Lebanon begins partial lockdown amid spike in virus cases

Lebanon has began a two-week partial lockdown and nighttime curfew after coronavirus cases increased sharply following an explosion in Beirut that killed and injured thousands of people

ByBassem Mroue Associated Press
August 21, 2020, 1:12 PM

BEIRUT -- Lebanon on Friday began a two-week partial lockdown and nighttime curfew after coronavirus cases increased sharply following an explosion in Beirut that killed and injured thousands of people.

Confirmed cases of the virus have increased from 5,417 a day after the massive blast on Aug. 4 to more than 11,000 on Friday, leading officials to announce the lockdown.

On Friday, Lebanon’s Health Ministry tallied a record 628 confirmed new cases in the previous 24 hours, raising the total registered cases since late February to 11,580.

The pandemic has killed 116 people in the tiny country, which was successful in limiting the spread of the virus during the early months.

Many businesses were closed Friday morning in Beirut even though some sectors, including banks, groceries, book shops and pharmacies were allowed to open. Restaurants, night clubs, beaches and clothes shops are among the businesses ordered to close by the Ministry of Interior.

The country's top Sunni Muslim authority ordered all mosques closed and suspended prayers inside them around Lebanon until further notice.

Virus cases had already been on the rise since the beginning of July, when an earlier lockdown was lifted and Lebanon’s only international airport was reopened. At the end of June, Lebanon registered 1,778 cases. That number has since multiplied more than five times in seven weeks.

But the numbers shot up dramatically following the Aug. 4, explosion of nearly 3,000 tons of ammonium nitrate stored at Beirut's port. More than 180 people were killed, more than 6,000 injured and a quarter of a million people were left with homes unfit to live in. The blast overwhelmed the city’s hospitals and also badly damaged two that had a key role in handling virus cases.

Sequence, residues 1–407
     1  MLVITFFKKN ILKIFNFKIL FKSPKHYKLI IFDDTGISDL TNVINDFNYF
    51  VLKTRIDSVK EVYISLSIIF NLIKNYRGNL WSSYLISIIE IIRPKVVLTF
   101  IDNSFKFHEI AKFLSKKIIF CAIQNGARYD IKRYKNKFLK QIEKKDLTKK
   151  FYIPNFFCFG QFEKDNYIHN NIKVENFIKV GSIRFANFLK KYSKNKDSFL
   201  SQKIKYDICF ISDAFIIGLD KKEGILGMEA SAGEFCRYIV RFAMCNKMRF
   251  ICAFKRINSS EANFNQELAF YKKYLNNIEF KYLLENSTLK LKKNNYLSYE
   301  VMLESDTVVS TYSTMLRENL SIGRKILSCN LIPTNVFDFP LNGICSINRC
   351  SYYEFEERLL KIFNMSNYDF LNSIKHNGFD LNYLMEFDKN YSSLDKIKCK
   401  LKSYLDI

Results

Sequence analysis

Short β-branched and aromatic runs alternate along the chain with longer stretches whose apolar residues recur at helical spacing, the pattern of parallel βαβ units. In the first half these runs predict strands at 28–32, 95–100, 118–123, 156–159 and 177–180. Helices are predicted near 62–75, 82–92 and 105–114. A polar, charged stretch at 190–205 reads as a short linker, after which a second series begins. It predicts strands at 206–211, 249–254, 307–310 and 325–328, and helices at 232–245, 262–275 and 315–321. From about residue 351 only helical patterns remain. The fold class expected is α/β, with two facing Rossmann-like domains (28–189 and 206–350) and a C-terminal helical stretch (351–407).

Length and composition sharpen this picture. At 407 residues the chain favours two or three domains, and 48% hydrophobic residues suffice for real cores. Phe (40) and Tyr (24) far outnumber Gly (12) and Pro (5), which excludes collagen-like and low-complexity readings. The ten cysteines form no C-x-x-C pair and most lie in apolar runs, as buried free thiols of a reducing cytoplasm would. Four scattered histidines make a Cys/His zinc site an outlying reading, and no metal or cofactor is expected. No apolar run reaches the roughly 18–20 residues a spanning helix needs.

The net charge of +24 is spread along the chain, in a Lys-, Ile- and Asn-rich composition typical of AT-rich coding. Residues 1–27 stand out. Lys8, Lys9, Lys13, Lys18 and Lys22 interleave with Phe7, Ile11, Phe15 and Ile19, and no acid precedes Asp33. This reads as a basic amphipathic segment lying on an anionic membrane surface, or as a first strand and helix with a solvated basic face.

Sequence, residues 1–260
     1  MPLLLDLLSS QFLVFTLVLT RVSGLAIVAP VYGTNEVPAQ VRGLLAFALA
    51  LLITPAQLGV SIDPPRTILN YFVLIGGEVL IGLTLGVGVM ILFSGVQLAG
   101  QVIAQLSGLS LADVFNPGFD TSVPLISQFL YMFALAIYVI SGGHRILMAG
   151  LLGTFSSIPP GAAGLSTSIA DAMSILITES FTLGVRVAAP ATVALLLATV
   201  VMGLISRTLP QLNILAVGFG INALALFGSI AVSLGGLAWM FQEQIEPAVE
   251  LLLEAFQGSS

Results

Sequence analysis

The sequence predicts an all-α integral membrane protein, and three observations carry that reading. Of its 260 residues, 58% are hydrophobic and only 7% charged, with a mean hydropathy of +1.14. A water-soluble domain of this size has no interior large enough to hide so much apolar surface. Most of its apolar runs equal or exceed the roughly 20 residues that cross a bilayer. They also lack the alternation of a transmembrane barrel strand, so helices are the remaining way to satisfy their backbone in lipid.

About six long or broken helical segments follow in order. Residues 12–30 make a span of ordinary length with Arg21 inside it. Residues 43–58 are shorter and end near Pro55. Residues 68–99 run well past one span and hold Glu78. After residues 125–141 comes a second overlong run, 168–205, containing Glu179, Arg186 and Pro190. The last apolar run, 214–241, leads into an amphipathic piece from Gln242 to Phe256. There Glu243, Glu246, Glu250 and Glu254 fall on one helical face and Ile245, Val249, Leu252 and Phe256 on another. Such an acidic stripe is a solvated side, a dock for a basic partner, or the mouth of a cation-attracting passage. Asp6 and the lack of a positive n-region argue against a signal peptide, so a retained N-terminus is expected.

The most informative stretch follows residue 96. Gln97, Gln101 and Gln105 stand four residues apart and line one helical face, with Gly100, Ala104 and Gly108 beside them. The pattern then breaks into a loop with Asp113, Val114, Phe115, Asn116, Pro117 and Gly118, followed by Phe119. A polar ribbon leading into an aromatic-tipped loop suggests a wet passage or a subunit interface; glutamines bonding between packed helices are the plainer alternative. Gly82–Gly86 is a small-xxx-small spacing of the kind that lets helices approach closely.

After the blast, medical officials have warned of increased risk of catching the virus because of crowding at hospitals and funerals, or as people searched through the rubble. Protests and demonstrations also broke out after the blast as Lebanese vented their anger at authorities.

The virus causes mild to moderate symptoms in most people, who recover within a few weeks. But it is highly contagious and can cause severe illness or death, particularly in older patients or those with underlying health problems.

Lebanon’s health sector has been challenged by the pandemic that hit amid an unprecedented economic and financial crisis.

In the United Arab Emirates, a health official warned that nighttime curfews and lockdowns could resume in parts of the country as coronavirus case numbers spike.

Dr. Saif al-Dhaheri of the UAE’s National Emergency Crisis and Disasters Management Authority made the comments late Thursday in an interview aired on a state-owned television channel.

Asked if those measures could be taken, al-Dhaheri said: “Yes. If we found that the number of cases is increasing in a specific area, we could.”

Returning to lockdowns could hurt Dubai, the skyscraper-studded city that’s reopened for tourists just a few weeks ago. It also could affect the UAE’s efforts to host the Indian Premier League beginning next month.

On Wednesday and Thursday, the UAE discovered over 400 confirmed cases of the virus, its highest numbers in about a month amid an aggressive testing campaign. Officials have blamed the rise in infections on the public not taking wearing masks and social distancing seriously.

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